Averaging nearly six wickets per Test, Muttiah Muralitharan is one of the most successful bowlers in the game, the greatest player in Sri Lanka's history, and without doubt the most controversial cricketer of the modern age. Muralitharan's rise from humble beginnings, being the Tamil son of a hill-country confectioner, to the top of the wicket-takers' list in Test cricket has divided the cricket world in the past decade because of his weird bent-arm bowling action.
He bowls marathon spells, yet is forever on the attack. From a loose-limbed, open-chested action, his chief weapons are the big-spinning offbreak and two versions of the top-spinner, one of which goes straight on and the other, which has now been labelled his doosra, which spins in the opposite direction to his stock ball. His newest variation is a version of Shane Warne's slider, which is flicked out the side of his hand and rushes onto batsmen like a flipper. His super-flexible wrist makes him especially potent and guarantees him turn on any surface.
His career has been beset with controversy from the start. Suspicions about his action were whispered soon after his debut against the Australians in 1993 and then aired freely after he was called for throwing while touring Australia in 1995-96, first in the Boxing Day Test at Melbourne by Darrel Hair and later in the one-day series that followed. He was cleared by the ICC after biomechanical analysis at the University of Western Australia and at the University of Hong Kong in 1996. They concluded that his action created the 'optical illusion of throwing'.
But the controversy did not die away. He was called again on the 1998-99 tour to Australia, this time by Ross Emerson. Muralitharan was sent for further tests in Perth and England and was cleared again. However, the perfection of his doosra prompted further suspicion and at the end of a prolific three-match home series against Australia in March 2004 he was reported by ICC match referee Chris Broad. More high-tech tests followed, and ultimately forced the ICC to seriously look into the entire issue of throwing in international cricket, which revealed that many bowlers bend their arms during delivery, and that Murali might have been made an unfair victim. On the field, Murali continued to pile on the wickets, overtaking Courtney Walsh's 519-wicket world record to become the highest wicket-taker in Test history in May 2004.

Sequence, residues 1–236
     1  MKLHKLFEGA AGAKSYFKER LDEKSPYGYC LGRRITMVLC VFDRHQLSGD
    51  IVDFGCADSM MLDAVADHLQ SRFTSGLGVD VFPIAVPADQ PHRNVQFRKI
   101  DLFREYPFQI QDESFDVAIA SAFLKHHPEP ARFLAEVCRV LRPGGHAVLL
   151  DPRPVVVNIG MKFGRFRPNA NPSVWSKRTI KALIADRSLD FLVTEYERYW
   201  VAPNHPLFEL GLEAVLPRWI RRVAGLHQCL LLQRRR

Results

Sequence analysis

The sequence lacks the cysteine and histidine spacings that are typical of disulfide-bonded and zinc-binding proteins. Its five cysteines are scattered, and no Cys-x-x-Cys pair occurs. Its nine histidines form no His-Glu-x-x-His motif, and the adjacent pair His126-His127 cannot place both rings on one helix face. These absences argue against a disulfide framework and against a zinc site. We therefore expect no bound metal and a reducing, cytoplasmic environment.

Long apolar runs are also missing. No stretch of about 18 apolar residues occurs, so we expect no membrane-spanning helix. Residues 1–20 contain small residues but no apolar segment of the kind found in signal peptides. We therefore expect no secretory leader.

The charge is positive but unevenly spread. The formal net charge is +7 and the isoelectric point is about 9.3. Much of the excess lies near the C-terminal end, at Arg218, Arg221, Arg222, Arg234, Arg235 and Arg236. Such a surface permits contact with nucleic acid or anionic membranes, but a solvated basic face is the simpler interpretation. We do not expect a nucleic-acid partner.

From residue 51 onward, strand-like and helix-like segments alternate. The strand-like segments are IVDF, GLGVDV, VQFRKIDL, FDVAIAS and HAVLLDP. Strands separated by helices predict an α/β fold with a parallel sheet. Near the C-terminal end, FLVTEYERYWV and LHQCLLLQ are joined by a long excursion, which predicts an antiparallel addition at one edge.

It is unlikely that Muralitharan's career will ever be controversy-free, a fact that he now accepts. But the rapid progress of technology and sports science in the past decade has undoubtedly salvaged his reputation. He continues to pick up wickets by the bucket load, although many large hauls have come against the two weakest nations - Zimbabwe and Bangladesh. However, he saves his most stunning efforts for the big boys, such as his duel with the Australians in 2004 and his eight-wicket haul at Trent Bridge in 2006 which produced a famous series-levelling win against England.
At the rate he is accumulating wickets he will shortly join Warne on 700 Test wickets, but has indicated that the 2007 World Cup could be is one-day swansong as he tries to save his body for the longer form.
Full name Muttiah Muralitharan
Born April 17, 1972, Kandy
Current age 36 years
Major teams Sri Lanka, ACC Asian XI, ICC World XI, Kent, Lancashire, Tamil Union Cricket and Athletic Club
Batting style Right-hand bat
Bowling style Right-arm offbreak
Test debut Sri Lanka v Australia at Colombo (RPS) - Aug 28-Sep 2, 1992
ODI debut Sri Lanka v India at Colombo (RPS) - Aug 12, 1993
Only Twenty20 Int. New Zealand v Sri Lanka at Wellington - Dec 22, 2006
First-class span 1989/90 - 2006/07
List A span 1991/92 - 2006/07
Twenty20 span 2005 - 2006/07